MFA gives states additional taxing authority over remote sales, whether conducted over the Internet, via phone, or mail order catalog. If a state simplifies their tax code as specified in the bill, they would be authorized to require certain out-of-state sellers to collect sales tax based on the destination of purchased products or services (the location of the buyer).

So any out-of-state online retailers or mail order or catalog retailers that do not currently collect sales tax could have to do so according to the statutes in the state where the product or service is delivered if the transactions are sourced according to the legislation.

What kinds of sales would not be impacted by this legislation?

Answer: There are several types of sales that are not impacted by MFA.

  • Intrastate sales.
  • Remote sales when the out-of-state seller already has nexus.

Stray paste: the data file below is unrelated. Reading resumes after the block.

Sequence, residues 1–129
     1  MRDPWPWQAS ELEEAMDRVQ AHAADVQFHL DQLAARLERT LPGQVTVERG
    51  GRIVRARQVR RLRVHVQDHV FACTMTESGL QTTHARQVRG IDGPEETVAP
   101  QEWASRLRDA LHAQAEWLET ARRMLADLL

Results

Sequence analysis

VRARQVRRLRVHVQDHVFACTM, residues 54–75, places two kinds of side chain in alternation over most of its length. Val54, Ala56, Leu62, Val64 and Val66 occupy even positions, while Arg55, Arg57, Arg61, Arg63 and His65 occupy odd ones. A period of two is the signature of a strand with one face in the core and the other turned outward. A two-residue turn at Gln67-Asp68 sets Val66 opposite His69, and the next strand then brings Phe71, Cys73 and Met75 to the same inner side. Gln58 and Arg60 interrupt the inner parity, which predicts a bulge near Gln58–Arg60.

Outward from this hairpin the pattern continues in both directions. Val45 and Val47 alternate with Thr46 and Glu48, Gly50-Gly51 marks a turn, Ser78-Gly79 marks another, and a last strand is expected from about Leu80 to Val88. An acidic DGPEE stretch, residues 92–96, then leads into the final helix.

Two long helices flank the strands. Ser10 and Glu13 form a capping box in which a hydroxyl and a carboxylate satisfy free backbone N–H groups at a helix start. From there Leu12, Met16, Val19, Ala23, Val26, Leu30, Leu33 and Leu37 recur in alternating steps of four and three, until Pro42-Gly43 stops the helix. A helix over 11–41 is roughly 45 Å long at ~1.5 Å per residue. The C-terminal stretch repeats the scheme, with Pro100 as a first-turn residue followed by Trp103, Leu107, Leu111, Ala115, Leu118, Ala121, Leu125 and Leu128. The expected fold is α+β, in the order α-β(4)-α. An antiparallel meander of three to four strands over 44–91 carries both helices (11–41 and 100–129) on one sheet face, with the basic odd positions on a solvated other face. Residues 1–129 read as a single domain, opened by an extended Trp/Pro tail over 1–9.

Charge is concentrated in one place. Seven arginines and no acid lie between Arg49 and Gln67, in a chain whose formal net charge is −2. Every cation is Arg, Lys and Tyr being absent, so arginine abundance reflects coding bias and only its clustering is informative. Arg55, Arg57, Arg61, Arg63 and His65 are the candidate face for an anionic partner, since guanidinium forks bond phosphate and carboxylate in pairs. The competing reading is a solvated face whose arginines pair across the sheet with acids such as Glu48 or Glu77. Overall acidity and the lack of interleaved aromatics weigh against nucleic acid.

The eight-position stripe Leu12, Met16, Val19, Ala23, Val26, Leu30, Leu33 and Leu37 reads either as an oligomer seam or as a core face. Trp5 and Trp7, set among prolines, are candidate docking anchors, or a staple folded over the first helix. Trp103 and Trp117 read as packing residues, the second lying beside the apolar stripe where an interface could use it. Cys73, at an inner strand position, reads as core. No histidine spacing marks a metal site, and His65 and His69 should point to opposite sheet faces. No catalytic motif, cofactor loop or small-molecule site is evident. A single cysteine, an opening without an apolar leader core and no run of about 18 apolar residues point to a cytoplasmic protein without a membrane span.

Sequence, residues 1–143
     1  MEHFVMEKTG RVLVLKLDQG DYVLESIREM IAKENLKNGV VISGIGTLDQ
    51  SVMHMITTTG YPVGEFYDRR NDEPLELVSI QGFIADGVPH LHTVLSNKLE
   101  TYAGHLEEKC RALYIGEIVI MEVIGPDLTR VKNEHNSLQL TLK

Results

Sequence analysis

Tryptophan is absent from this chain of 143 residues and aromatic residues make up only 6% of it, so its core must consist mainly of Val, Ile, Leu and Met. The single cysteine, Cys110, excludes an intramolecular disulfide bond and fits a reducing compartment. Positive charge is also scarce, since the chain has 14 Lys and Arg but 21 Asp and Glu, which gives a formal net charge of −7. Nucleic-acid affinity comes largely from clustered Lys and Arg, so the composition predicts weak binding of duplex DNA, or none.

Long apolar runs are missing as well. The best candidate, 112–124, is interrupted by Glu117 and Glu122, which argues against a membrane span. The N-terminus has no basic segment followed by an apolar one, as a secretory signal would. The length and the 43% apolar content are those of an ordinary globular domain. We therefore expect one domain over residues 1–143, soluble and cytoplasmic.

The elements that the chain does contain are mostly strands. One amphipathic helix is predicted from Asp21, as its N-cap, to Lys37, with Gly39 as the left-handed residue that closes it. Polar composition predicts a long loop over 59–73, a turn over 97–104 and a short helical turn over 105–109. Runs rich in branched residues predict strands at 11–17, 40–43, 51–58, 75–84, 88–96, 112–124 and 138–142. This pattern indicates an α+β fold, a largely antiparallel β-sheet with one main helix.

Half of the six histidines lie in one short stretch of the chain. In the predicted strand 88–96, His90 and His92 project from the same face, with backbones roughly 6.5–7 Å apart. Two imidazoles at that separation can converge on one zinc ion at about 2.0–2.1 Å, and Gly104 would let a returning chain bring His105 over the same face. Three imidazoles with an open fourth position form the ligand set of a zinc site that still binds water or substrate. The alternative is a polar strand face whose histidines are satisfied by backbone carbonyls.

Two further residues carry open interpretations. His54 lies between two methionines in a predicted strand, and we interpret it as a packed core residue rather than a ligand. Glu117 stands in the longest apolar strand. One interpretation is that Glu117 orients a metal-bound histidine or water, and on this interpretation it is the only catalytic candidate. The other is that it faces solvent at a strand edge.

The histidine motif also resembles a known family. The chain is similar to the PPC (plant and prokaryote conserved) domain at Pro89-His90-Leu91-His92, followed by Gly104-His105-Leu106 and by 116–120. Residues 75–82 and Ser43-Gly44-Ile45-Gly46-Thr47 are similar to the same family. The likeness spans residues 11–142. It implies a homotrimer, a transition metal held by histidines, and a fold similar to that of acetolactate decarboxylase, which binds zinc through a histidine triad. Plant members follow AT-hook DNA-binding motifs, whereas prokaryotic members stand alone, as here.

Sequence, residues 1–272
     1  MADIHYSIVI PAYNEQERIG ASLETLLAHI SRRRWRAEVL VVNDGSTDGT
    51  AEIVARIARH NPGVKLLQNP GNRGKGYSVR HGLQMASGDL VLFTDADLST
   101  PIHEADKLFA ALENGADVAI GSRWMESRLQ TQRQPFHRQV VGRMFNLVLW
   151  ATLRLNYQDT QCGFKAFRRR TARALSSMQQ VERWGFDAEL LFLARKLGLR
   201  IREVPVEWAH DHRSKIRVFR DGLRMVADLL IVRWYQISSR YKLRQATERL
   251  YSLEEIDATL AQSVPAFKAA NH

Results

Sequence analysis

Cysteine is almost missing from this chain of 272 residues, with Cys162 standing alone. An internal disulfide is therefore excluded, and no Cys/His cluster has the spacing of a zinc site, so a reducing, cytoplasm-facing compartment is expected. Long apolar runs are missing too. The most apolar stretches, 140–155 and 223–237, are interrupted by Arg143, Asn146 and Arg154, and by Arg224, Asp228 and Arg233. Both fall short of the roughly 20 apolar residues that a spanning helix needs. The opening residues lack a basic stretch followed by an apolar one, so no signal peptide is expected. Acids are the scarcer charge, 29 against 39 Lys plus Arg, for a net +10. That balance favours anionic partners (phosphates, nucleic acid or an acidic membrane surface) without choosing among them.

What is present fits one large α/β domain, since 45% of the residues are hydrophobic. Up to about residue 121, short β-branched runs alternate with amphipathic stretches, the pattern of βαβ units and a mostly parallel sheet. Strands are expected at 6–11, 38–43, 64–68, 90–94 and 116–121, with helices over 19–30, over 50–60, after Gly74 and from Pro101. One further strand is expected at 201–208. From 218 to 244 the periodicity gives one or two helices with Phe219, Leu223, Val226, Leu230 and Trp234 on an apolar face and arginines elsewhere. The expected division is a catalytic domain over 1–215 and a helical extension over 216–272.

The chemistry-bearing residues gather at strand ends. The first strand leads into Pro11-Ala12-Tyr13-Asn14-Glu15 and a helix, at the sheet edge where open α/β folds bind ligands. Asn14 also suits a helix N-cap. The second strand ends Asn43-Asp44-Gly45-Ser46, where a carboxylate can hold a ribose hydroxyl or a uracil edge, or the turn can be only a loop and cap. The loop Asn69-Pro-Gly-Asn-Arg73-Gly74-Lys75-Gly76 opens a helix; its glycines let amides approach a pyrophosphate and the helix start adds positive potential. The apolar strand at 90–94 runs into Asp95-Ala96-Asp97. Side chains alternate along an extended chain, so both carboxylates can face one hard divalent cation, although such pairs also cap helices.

• Small out-of-state businesses that have remote sales in the prior calendar year of less than the gross remote revenue amount specified in the legislation; and
  • Sales made into states with no state sales tax (Alaska, Montana, New Hampshire, Oregon, Delaware).
My company sells into several different states. How do I know which states would require me to start collecting sales tax if this passes?

Answer: First, if you don’t already know where your company has nexus (and many companies don’t have a full understanding), you should talk to a tax expert immediately.

Second, if you do not currently have nexus in states into which you sell, and do not collect sales tax on those sales, this legislation could change that by adding additional tax collection obligations on your remote sales.

Could this law be challenged?

Answer: Even if this bill is signed into law it may still be challenged on grounds of constitutionality. Legal challenges such as these would likely delay enactment.

For more information, please refer to the full text of the Marketplace Fairness Act legislation